Energy-efficient error-correction-detection storage
A memory system employs an addressing scheme to logically divide rows of memory cells into separate contiguous regions, one for data storage and another for error detection and correction (EDC) codes corresponding to that data. Data and corresponding EDC codes are stored in the same row of the same bank. Accessing data and corresponding EDC code in the same row of the same bank advantageously saves power and avoids bank conflicts. The addressing scheme partitions the memory without requiring the requesting processor to have an understanding of the memory partition.
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The subject matter presented herein relates generally to computer memory.BACKGROUND
Personal computers, workstations, and servers commonly include at least one processor, such as a central processing unit (CPU), and some form of memory system that includes dynamic, random-access memory (DRAM). The processor executes instructions and manipulates data stored in the DRAM.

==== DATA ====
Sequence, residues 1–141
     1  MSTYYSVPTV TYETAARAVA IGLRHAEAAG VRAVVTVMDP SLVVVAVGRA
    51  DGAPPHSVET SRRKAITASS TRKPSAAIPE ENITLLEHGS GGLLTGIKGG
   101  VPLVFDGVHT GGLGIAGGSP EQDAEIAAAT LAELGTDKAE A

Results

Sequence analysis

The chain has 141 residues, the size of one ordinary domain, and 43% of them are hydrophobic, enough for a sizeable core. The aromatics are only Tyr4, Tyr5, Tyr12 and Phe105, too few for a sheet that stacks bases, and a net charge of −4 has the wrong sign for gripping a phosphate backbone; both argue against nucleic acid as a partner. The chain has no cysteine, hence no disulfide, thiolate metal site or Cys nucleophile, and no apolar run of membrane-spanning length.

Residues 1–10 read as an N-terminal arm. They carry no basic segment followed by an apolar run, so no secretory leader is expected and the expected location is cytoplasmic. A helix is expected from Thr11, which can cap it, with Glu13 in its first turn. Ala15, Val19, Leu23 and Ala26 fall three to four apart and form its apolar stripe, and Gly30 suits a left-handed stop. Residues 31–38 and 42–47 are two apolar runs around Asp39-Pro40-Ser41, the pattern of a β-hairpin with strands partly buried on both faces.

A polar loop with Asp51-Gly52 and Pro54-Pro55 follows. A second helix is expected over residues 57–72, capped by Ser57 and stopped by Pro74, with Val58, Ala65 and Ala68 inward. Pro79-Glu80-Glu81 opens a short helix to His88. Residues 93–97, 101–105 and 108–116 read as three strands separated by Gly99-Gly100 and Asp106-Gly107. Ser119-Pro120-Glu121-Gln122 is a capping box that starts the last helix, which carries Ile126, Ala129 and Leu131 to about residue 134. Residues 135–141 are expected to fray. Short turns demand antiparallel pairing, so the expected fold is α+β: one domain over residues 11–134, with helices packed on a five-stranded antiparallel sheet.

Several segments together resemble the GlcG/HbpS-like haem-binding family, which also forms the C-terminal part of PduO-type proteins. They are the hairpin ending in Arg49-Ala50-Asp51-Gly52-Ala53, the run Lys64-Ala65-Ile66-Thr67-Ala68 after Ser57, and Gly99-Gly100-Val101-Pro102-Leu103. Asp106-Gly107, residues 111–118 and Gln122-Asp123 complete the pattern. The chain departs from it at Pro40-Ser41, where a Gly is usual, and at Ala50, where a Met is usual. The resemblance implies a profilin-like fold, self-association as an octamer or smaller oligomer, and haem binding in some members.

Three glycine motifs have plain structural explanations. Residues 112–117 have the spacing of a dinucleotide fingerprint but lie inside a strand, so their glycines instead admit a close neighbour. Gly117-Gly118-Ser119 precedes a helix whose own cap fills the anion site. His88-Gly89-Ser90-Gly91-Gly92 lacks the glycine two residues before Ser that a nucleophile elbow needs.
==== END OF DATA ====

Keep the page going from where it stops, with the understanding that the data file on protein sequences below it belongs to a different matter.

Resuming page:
DRAM stores binary bits by alternatively charging or discharging capacitors to represent the logical values one and zero. The capacitors are exceedingly small. Their ability to store charge can be hindered by manufacturing variations or operational stresses, and their stored charges can be upset by electrical interference or high-energy particles. The resultant changes to the stored instructions and data produce undesirable computational errors. Some computer systems, such as high-end servers, employ various forms of error detection and correction to manage DRAM errors, or even more permanent memory failures.
Memory system 100 includes sixteen data aggregators 105, one of which is shown, each servicing memory requests from a memory controller and/or processor (not shown) via eight ten-conductor 6Q/4D primary links. One or more aggregators 105 can be integrated-circuit (IC) memory buffers that buffer and steer signals between an external processor and DRAM components. Each primary link 6Q/4D communicates with a corresponding memory slice 107, each of which includes an 8 GB memory component, a stack of four fourth-generation, low-power, double-data-rate (LPDDR4) memory die in this example. Each LPDDR4 die includes two sets of eight banks 109 coupled to a DRAM interface 113 that communicates data and control signals between the DRAM stacks and a serializer/deserializer SERDES 117 via respective local sixteen-trace channels 114. A local controller 115 in each slice 107 steers data via interface 113 responsive to access requests received from the corresponding 6Q/4D primary link.